Do I challenge a bit of it? Yes. Someone once said, “We portray ourselves as we would like our enemies to see us.” So back then if someone asked you, “How is your family doing?” you would tell them, “We’ve got a washer, a dryer, two cars in the garage and one of those lawnmowers that you sit on. The kids are in school, everything’s great,” because that's how you wanted your enemies to see you—as invulnerable.
But I also think the era hasn’t been chronicled as well as it should be. It’s like when Audubon found 9,000 varieties of birds in the woods and said, “Someone needs to make a record of this because some day some of these won’t be here.” To some extent my paintings of that era are made in the same spirit: That era is gone. Things are changing rapidly.
In fact, I was terrified of talking to undergrads here because with about 50 years difference between us, I wasn’t sure that I even had a code for communicating with them. The world has changed that much. But I can only represent the genealogical, historical district that I come from—and that’s what is in my paintings.
“With any picture there is a point—good, bad or indifferent—when it starts calling the shots.”
You identify as an artist first, but how did you end up with a successful career as an actor, too?
First of all, art materials cost money, a studio space costs money, and so… I could have driven a cab, I could have worked in a lumberyard, I could have delivered papers or I could be on a sitcom.
The latter pays a lot more and gives you vast periods of time off, so it seemed like the gift horse of all time—and not a Trojan one. Acting has been very good to me. I’ve been extremely fortunate.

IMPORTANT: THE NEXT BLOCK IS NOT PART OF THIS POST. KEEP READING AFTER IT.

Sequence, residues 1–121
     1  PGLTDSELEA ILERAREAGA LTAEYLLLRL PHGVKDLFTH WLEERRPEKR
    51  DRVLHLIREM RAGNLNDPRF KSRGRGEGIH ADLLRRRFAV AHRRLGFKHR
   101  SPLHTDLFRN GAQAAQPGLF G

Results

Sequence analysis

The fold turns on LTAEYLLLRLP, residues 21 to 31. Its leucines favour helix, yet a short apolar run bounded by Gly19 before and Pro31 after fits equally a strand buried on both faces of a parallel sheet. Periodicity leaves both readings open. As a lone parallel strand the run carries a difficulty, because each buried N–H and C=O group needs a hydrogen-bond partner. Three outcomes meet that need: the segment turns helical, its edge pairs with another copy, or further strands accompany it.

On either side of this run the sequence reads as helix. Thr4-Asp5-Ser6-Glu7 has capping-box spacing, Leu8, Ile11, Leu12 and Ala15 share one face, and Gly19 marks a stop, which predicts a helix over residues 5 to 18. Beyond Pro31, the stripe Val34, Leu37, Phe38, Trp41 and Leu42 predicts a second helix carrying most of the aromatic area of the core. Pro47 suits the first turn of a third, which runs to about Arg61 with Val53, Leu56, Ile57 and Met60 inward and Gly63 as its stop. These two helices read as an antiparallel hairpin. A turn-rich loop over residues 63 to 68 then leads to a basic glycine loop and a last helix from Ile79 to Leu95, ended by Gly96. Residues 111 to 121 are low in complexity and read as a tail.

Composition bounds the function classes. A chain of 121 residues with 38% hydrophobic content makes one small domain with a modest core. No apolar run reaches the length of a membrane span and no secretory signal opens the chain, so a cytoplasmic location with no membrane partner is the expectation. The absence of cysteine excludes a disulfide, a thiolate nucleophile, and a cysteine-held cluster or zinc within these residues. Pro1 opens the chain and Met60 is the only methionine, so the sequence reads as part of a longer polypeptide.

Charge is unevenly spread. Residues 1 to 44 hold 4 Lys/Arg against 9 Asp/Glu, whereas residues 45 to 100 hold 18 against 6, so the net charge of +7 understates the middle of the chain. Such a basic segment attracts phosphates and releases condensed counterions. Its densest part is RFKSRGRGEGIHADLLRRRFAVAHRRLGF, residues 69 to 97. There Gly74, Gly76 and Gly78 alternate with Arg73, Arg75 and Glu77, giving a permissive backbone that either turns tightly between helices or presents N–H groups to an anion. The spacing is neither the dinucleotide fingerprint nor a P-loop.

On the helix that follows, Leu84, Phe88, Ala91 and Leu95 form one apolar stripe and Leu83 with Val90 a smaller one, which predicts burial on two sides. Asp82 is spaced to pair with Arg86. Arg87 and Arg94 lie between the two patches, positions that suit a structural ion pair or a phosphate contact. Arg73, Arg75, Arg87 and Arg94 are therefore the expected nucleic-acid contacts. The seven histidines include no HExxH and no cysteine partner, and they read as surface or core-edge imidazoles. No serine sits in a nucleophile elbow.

Are there times when acting has given you a break from the studio? Or vice versa?
Absolutely. Painting is a solitary process. It is a one-person operation: You are judge, jury, defendant and litigator. That can get very lonely—to the point where you feel like you’re in a cave somewhere.
So the perfect antidote for that was being on a movie set with hundreds of people running around, interacting with other people, learning lines… But then that becomes utter mayhem—and the perfect antidote for that is going back to the studio.
Each one became the therapy for treating the other. That was great. Still is.
“I love being the workman.... When I’m in that mode it’s just heaven on a stick.”
You said you’ll begin working on something new when you get back to California. How do you approach new projects?
I think the easiest part is the start of something. That’s when you own the process. But with any picture there is a point—good, bad or indifferent—when it starts calling the shots.
The picture tells you that it wants a jet plane in the upper right corner, or other paintings in the room do. You look back and forth from what you’re working on to what else you’ve made and… you get suggestions.
At that point it doesn’t come from you anymore. You become the artisan, not the artist. I crave that. I love being the workman. Just take the word poet and throw it out the window. It’s a self-conscious thing to think that you’re “telling truths” or something. No! I’m painting a picture! And I’m working on it as hard as I can. When I’m in that mode it’s just heaven on a stick.
—interview by Robert Albanese / studio photos by Jo Sittenfeld MFA 08 PH